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ISSN: 2168-9857
Medical & Surgical Urology

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Medical Treatment of JJ Stent-related Symptoms

Athanasios Dellis1, George Daglas1 and Athanasios Papatsoris1,2*

1Department of Urology, University of Athens, Sismanoglio General Hospital, Athens, Greece

2Department of Urology, Royal London Hospital, Bartshealth NHS Trust, London, UK

*Corresponding Author:
Athanasios Papatsoris
Department of Urology, Royal London Hospital
Bartshealth NHS Trust, London, UK
Tel: +306947695995
Fax: +302108044703
E-mail: [email protected]

Received date: February 26, 2014; Accepted date: March 02, 2014; Published date: March 04, 2014

Citation: Dellis A, Daglas G, Papatsoris A (2014) Medical Treatment of JJ Stentrelated Symptoms. Med Surg Urol 3:e107. doi: 10.4172/2168-9857.1000e107

Copyright: © 2014 Dellis A, et al. This is an open-access article distributed under the terms of the Creative Commons Attribution License, which permits unrestricted use, distribution, and reproduction in any medium, provided the original author and source are credited.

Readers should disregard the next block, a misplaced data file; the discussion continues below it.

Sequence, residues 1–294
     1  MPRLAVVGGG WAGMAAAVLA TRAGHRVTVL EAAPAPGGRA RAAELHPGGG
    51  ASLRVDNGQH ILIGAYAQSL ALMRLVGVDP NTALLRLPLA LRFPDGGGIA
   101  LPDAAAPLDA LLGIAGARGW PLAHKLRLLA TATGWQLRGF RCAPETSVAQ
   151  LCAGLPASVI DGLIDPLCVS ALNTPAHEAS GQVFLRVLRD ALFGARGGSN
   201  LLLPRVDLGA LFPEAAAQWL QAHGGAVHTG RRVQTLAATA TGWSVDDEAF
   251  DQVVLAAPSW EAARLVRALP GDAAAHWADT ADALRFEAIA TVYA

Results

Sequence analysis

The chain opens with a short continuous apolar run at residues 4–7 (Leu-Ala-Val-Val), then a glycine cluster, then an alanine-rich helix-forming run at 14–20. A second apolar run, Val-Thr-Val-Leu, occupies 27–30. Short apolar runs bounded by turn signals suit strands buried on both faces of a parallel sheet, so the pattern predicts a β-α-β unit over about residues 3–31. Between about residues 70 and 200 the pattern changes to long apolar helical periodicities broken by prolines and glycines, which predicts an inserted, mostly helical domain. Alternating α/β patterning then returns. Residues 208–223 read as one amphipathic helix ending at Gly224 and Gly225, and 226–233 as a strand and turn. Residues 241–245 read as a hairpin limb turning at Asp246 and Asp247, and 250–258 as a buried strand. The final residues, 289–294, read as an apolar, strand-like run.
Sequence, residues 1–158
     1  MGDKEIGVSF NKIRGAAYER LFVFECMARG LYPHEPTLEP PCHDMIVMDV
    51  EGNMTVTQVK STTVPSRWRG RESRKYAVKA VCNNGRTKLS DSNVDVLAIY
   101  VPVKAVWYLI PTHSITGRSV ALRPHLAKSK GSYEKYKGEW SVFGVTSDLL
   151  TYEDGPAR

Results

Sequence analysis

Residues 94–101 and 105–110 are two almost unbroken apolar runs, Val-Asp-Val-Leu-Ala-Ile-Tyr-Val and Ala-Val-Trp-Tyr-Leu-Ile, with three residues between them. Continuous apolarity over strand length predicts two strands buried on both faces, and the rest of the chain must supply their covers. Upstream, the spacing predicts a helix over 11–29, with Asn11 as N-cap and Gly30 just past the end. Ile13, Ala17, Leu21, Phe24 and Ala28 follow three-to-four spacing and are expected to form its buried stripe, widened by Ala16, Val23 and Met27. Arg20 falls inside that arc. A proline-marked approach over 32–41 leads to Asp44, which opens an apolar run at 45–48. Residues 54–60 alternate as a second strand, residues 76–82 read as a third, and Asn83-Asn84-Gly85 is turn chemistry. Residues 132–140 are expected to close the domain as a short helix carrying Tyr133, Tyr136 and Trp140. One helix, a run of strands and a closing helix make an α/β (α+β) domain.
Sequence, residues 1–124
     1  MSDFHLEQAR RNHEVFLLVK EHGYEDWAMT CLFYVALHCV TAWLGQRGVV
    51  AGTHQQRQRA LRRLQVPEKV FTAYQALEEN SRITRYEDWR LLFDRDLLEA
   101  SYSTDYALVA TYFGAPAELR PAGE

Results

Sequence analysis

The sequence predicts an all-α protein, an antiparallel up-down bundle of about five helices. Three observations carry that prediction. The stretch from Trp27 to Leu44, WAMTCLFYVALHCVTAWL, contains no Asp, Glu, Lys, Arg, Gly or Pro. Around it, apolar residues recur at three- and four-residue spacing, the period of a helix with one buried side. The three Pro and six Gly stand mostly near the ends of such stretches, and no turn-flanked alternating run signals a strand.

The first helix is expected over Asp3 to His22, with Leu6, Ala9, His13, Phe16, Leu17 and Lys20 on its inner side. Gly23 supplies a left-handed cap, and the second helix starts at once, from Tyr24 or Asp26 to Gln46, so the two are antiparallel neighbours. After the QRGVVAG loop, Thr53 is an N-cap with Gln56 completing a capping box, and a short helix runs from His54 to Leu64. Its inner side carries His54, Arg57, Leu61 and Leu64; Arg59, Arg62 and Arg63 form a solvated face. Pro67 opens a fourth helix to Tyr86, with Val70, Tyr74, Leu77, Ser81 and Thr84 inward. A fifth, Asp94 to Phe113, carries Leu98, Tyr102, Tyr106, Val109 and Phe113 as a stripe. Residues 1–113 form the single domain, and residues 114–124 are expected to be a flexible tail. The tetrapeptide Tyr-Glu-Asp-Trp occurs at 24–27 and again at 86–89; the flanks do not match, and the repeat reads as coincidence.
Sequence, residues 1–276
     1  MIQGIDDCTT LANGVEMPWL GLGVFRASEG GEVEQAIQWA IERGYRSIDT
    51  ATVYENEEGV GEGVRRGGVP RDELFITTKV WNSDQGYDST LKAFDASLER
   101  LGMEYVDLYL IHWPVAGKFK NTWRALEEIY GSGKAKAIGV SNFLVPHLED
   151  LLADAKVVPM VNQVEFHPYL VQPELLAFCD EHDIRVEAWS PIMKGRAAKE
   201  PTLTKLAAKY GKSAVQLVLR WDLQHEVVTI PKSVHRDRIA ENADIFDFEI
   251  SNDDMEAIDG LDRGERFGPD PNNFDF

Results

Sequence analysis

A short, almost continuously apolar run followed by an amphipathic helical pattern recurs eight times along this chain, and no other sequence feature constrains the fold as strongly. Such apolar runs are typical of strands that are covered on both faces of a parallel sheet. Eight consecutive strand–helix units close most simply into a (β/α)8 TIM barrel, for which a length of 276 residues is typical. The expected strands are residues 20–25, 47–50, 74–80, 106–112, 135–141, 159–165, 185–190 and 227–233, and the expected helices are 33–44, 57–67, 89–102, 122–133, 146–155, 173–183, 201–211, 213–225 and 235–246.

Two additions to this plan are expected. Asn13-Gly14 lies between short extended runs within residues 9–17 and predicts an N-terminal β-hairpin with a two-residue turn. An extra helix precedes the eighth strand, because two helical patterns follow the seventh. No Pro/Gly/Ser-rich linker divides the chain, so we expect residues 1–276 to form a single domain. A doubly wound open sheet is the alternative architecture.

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Although ureteric JJ stents have been widely used in Urology for many decades and their placement is considered a routine procedure, they are associated with significant morbidity and a negative impact on patient’s quality of life [1]. Furthermore there is no consensus regarding stent placement after ureteroscopic stone removal or whether it is needed before Extracorporeal Shock Wave Lithotripsy (ESWL) [2]. Joshi et al. recognized patient morbidity associated with ureteral JJ stents as a significant health problem and developed a validated questionnaire (USSQ: Ureteric Symptom Score Questionnaire) [3]. USSQ has been used to determine whether novel stent designs, shapes, material or drug coatings confer any improvement in JJ stent related symptoms and/or if medications decrease JJ stent related morbidity. However, despite ongoing research, the ideal ureteric stent has yet to be discovered.